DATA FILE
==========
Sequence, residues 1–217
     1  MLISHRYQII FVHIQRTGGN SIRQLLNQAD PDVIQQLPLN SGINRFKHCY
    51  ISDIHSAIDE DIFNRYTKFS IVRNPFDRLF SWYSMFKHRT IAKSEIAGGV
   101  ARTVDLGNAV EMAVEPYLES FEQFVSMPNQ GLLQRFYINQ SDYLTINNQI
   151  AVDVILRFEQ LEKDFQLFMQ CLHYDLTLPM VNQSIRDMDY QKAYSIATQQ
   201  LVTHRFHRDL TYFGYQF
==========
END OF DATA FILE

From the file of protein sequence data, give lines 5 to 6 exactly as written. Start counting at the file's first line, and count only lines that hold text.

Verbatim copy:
   151  AVDVILRFEQ LEKDFQLFMQ CLHYDLTLPM VNQSIRDMDY QKAYSIATQQ
   201  LVTHRFHRDL TYFGYQF